But unfortunately, the Burgers of Westminster don’t possess the wit of Nicholas Barbon when he named the streets, for Of Alley has been given the rather prosaic title of York Place.

A footnote: George Villiers, 2nd Duke of Buckingham started the first foxhunt in England, The Bilsdale Hunt in 1668 and later started the Sinnington Hunt in 1680. He died from a chill after digging for a fox above Kirkbymoorside. At his death in 1687, the title again became extinct.

A version of this post was published by CabbieBlog on 28th January 2011

It’s a Corker of a leg

Cork Street is a short thoroughfare in Mayfair lined with art galleries and little else, the street has gained its name from the 1st Earl of Burlington who also happened to be 2nd Earl of Cork in Ireland.

[I]T WAS HE, you might recall, who had built Burlington Arcade to stop dead cats being thrown into his back garden.

Before the galleries, this little street was the epicentre of Georgian London’s artificial leg industry. In the 18th century, a broken leg was a common injury brought about through war or more commonly falling from a horse. If you were unfortunate enough to have suffered that fate the high risk of it turning septic, ultimately resulting in death, necessitated amputation.

Prosthetic legs

The fate of the poor was a wooden extension strapped to the stump; just imagine Alastor ‘Mad-Eye Moody in Harry Potter and the Goblet of Fire. These were often referred to as Peg Legs – a nomenclature attached (no pun) to its owner.

Mr Foote According to Mr. Foote’s Other Leg by Ian Kelly in 1766 puppet maker Mr. Addison of Hanover Street, Long Acre made for Samuel Foote England’s first articulated prosthesis. Its articulation at the knee and foot, like a puppet’s was not the only innovative aspect, Foote’s bodyweight was held by two circular straps that took the strain when he leaned on the artificial limb’s side of the body, rather than bear down on a wooden stump.

With London’s surgeons producing a steady stream of wealthy unit-pedals, expert craftsmen congregated in Cork Street, meticulously fashioning bespoke, precision-made limbs using hardwoods and leather with articulated joints fitted with intricate spring mechanisms.

Cork legs

This superior class of limb, fitted and purchased in Cork Street soon became known as a ‘Cork Leg’ to distinguish it from the primitively made ‘Peg Leg’.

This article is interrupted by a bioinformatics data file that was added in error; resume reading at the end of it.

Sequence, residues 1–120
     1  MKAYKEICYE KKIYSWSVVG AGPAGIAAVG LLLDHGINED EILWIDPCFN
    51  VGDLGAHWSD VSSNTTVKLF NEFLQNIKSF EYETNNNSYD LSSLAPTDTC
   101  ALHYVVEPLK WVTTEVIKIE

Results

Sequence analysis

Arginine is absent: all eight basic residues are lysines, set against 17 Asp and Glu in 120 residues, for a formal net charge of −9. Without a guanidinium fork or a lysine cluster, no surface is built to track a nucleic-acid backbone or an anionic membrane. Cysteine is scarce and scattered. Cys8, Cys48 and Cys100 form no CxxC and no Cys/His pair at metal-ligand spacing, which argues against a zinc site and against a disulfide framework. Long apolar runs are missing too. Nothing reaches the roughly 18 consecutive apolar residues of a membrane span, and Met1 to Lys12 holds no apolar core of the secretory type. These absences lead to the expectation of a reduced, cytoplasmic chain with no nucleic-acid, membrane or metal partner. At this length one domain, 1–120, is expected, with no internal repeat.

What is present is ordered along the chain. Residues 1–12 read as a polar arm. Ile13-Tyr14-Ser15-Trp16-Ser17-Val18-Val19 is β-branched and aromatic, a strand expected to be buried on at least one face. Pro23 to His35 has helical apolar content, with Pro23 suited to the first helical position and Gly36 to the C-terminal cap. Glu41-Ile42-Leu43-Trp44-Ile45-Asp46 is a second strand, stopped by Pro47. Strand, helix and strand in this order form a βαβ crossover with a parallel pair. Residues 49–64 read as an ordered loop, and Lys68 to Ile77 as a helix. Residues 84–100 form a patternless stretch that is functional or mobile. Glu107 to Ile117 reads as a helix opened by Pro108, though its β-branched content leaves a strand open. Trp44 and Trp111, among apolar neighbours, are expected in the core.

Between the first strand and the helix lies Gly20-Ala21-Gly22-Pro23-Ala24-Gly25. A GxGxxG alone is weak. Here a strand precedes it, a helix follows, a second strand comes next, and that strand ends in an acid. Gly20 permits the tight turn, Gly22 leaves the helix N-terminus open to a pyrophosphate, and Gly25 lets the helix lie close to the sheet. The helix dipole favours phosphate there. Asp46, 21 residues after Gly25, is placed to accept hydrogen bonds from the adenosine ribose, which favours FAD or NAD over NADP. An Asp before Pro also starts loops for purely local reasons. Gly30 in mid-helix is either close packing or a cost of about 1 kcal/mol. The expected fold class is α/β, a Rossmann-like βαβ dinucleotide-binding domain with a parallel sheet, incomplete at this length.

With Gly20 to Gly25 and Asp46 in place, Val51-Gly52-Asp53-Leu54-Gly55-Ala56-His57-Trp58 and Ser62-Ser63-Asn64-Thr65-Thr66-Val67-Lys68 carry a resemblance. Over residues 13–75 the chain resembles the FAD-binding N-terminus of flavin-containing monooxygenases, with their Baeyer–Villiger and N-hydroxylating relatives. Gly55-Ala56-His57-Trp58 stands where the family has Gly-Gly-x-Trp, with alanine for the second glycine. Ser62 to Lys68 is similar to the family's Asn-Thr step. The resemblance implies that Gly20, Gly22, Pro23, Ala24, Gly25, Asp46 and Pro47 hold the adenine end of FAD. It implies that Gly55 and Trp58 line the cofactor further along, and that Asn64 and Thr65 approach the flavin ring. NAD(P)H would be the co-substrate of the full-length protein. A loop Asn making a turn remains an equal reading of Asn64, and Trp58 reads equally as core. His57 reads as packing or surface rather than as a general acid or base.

Dickens describing tourists in Little Dorrit wrote: “These legs were called ‘cork legs’ in England, not because they were made of cork, for they were not, but because the best kind of them were made in London in Cork Street”.

These ingenious devices did have their drawbacks. Although one could walk in a room or smooth ground such legs were not suitable for rough terrain as the springs which moved the foot continually gave way. This instability, with its wearer continually falling to the ground gave rise to the expression “Dropped like a cork leg”.

Picture of Santa Anna’s cork leg

A version of this post was published by CabbieBlog on 22nd November 2013

Cabbie’s Monopoly – Part V

HouseNow we have visited most streets and squares on my Cabbies’ Monopoly board, it’s time now to build a house. The houses in the true 1930s Monopoly fashion should be semi-detached with bay windows with the ubiquitous privet hedge marking their road boundary. The CabbieBlog houses here are just a little grander than your average semi.

Northumberland AvenueNORTHUMBERLAND AVENUE
Northumberland House, the London home of the Percy family; the Dukes of Northumberland demolished in 1874. Standing just south from Trafalgar Square it was the last of the great Strand mansions to succumb. His grace did have another house to fall back on though; Syon House in Isleworth and it was to this estate the giant emblematic Percy Lion – which had stood guard over the main gateway facing the Strand to Northumberland House for over 150 years – was taken. In the 17th century the house formed part of the dowry when the Earl of Suffolk’s daughter married Lord Percy.